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Clippers Halt Losing By Holding Off Lakers

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The Clippers found the magic pill that cures a basketball existential crisis: play the Lakers. The Clippers beat the Lakers 107-102

It wasn't a full-blown crisis for the Clippers, but left unchecked it could have festered into something worse. The Denver Nuggets and Golden State Warriors managed to force the Clippers into a half-court offense which left them discombobulated. You could see they wanted so much to run and gun and lob and dunk, but all they could do was pass and dink and try to create shots.

The Clippers just managed to run around in circles. It wasn't pretty.

Against the Lakers on Friday night, the Clippers regained what they had lost over the last two games. They realized that their defense was the key to them runnin' and gunnin' and lobbin' and dunkin'. Watch the last three minutes of the third quarter where the Clippers went on a 7-2 run to extend their lead to 16 points after the Lakers cut it down to three early in the quarter.

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But that hint of schizophrenia showed up in the fourth quarter. "That was all my fault," Chris Paul told ESPN's Chris Broussard on the national broadcast. "We had some bad possessions down the stretch."

In the final two minutes, the Clippers tried to run the clock out. And that 16-point cushion to start out the quarter shrank down to two points in the final 90 seconds. Paul bailed out the team scoring the final eight Clippers points to hold off the Lakers. But the residue of the two losses was still evident in this one.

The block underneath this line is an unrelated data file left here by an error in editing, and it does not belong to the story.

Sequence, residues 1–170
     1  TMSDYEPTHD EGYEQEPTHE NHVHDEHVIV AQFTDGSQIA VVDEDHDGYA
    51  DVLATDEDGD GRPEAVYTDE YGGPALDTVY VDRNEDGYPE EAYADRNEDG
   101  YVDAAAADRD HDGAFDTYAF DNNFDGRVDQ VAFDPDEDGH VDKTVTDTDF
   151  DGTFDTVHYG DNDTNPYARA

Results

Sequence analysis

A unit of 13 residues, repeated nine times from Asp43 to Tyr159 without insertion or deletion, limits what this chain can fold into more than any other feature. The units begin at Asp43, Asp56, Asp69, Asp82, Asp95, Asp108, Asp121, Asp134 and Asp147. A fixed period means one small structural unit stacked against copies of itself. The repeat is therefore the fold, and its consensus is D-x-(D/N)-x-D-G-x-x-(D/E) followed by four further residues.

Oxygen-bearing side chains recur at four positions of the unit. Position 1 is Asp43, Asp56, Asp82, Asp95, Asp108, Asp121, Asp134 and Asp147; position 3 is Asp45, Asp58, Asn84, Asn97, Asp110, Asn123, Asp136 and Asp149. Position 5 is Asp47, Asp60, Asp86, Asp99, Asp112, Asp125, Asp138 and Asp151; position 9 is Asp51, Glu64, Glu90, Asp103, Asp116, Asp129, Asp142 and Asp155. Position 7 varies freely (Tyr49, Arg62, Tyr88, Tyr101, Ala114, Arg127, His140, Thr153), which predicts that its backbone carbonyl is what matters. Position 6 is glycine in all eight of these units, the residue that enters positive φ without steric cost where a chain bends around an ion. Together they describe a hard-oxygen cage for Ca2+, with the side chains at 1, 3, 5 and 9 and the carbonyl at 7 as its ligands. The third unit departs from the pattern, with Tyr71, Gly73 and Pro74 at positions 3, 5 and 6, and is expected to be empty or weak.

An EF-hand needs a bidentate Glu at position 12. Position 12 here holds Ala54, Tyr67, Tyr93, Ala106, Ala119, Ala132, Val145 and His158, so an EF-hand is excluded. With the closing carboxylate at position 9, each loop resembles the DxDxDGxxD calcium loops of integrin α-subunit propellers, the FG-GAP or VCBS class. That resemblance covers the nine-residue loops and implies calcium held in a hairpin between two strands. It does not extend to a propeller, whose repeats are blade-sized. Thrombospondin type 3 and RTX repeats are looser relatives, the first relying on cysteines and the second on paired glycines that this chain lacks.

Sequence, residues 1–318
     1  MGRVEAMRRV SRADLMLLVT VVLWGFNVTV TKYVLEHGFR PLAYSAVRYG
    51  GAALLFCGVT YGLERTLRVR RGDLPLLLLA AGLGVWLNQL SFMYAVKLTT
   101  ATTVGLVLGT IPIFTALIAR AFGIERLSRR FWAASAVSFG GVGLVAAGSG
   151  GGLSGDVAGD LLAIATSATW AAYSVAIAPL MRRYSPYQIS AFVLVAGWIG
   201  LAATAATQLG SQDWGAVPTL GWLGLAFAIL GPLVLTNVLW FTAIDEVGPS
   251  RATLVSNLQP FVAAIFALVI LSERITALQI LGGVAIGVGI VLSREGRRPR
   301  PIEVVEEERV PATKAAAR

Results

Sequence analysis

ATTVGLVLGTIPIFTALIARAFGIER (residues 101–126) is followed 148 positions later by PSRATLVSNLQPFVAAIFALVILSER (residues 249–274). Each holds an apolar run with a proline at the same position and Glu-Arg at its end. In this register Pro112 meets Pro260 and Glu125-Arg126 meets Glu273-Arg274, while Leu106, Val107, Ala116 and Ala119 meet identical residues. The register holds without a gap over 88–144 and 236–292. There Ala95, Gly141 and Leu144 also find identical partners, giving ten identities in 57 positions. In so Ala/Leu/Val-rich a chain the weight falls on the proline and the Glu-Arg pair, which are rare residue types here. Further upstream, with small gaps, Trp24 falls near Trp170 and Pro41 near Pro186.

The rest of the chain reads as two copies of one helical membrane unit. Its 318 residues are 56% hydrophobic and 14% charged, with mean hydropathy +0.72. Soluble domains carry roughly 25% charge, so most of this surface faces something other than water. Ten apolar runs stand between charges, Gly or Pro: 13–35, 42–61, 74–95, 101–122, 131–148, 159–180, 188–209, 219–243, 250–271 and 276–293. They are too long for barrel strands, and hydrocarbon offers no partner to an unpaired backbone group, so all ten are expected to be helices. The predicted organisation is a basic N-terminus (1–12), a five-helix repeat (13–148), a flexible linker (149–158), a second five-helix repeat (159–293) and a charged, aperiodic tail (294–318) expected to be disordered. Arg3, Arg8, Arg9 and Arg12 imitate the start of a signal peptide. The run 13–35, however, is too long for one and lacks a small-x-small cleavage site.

Paul led the Clippers with 30 points and 13 assists while Blake Griffin had 24 points and Willie Green had 10 points scoring in double-digits for the fifth time this season.

To be fair to the Clippers, Jamal Crawford sat out of the game with a sore left foot losing an average of 16.5 points right there. But it still baffles me that they would willingly play a half-court offense instead of being aggressive.

For the Lakers, they're not used to being in this position. Now 15-17, this is the first time they've been under .500 since the 2002-03 season when they were 13-19 at this point.

Kobe Bryant described the Lakers thusly: "We're old as shit." They're old and can't run yet have a head coach who wants to run up and down the floor, defense be damned.

(By the way, how hilarious was it that Amar'e Stoudemire told the New York scribes that he's never been taught defense? Ooooh. Burn D'Antoni!)

It's clear to see how their ambivalence on offense affects every other aspect of their game. Each bad possession would be marked by the Clippers causing half of STAPLES Center to jump up in manic ovation. Now that five-game win streak that saw them win in Golden State and beat the New York Knicks on Christmas? That stinker at home against the Philadelphia 76ers and this game now losing three of their last four games have nearly erode the good feelings that came from that.

The Lakers need an identity, and it's a bit alarming that after 22 games with D'Antoni the Lakers look every bit as awkward on the court. There's still time for the Lakers, but if things don't get resolved soon they will be left behind.

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But the folks on Twitter weren't concerned with that this morning. This morning in Los Angeles Twitter was on fire like it just slept with an aging two-bit hooker laden with oozing sores sans rubber. It wasn't because of the impending Lakers-Clippers game that threatens to create a wormhole and be the true apocalypse that was suppose to wreak havoc upon the world a couple of weeks ago and make the following scene from The Onion come to fruition:

Nope. It was because of this: